As cardiovascular medicine evolves to more molecular targeted therapeutic intervention, the role of these molecular imaging approaches will continue to grow in the future
As regards healing of damage tissue after myocardial infarction, there is the risk of too much or persistent inflammation. Here, he said, intervention that targets or attenuates inflammation may be beneficial for patients to prevent heart failure. This “complex inflammatory response” can be examined with molecular targeted tracers, but while FDG is not the “perfect tracer” to do this because of lack of specificity, there are other tracers that target subgroups of inflammatory cells more specifically. He pointed to the example from his lab of one targeting chemokine receptor CXCR4, that is expressed on almost all leukocytes.
“What we learn from using this tracer is that early after acute myocardial infarction you get a specific signal from the infarct area and the higher the signal, the higher the likelihood that patients will subsequently go into heart failure and suffer cardiovascular events,” he explained. “So, we may have a measure here that may give us information about how further healing of the infarct will develop over time and if something shows us that signal is indicating a high risk, we may be able to modify this signal at early time point. We are going to see more about those inflammation targeted tracers in the future and learn more about their value in the guidance of heart failure therapy.” Another novel set of tracers, he said, are those targeting tissue fibrosis, or precursors of tissue fibrosis.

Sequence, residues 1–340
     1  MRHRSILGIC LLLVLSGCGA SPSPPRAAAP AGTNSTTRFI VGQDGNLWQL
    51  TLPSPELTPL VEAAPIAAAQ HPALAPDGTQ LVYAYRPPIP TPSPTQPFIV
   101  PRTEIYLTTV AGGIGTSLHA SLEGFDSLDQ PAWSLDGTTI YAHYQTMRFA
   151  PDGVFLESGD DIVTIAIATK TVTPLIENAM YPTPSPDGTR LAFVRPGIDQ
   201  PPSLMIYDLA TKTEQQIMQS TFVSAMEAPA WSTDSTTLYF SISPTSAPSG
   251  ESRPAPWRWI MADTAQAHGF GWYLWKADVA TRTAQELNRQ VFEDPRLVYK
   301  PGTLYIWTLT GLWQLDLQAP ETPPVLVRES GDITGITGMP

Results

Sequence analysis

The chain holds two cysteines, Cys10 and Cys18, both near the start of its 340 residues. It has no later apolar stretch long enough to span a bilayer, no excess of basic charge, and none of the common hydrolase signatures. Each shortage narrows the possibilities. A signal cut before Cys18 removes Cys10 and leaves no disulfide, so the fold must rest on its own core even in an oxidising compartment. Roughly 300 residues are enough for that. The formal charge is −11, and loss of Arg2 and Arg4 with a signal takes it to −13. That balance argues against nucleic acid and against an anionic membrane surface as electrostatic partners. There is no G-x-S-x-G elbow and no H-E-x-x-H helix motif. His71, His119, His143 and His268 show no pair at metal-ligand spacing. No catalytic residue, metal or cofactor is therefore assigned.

In conclusion, Prof Bengel said: “Molecular imaging, especially imaging of 3i – infiltration infection and inflammation – emerges as an important diagnostic and therapeutic tool in cardiovascular medicine. While cardiovascular medicine is still mostly mechanical medicine, there is already growth in these areas of imaging, for example, for guidance of implant infection. As cardiovascular medicine evolves to more molecular targeted therapeutic intervention, the role of these molecular imaging approaches will continue to grow in the future.”
ICNC-CT was co-organised by the American Society of Nuclear Cardiology (ASNC), the European Association of Cardiovascular Imaging (EACVI), and the European Association of Nuclear Medicine (EANM).
The session on novel molecular-targeted tracers also heard Professor Jamshid Maddahi, Professor of Molecular and Medical Pharmacology at the David Geffen School of Medicine at UCLA, discuss promising perfusion tracers in cardiovascular imaging and Professor Ahmed Tawakol, Director of Nuclear Cardiology and Associate Professor of Medicine at Massachusetts General Hospital and Harvard Medical School, outline promising MR tracers.
Professor Frank Bengel is Director of the Department of Nuclear Medicine at the Hannover Medical School. His research focus is on the application of non-invasive imaging techniques for the assessment of functional mechanisms in the cardiovascular system and advancing nuclear imaging techniques targeting blood flow, metabolism and autonomic nervous system of the heart.
Source: Healthcare in Europe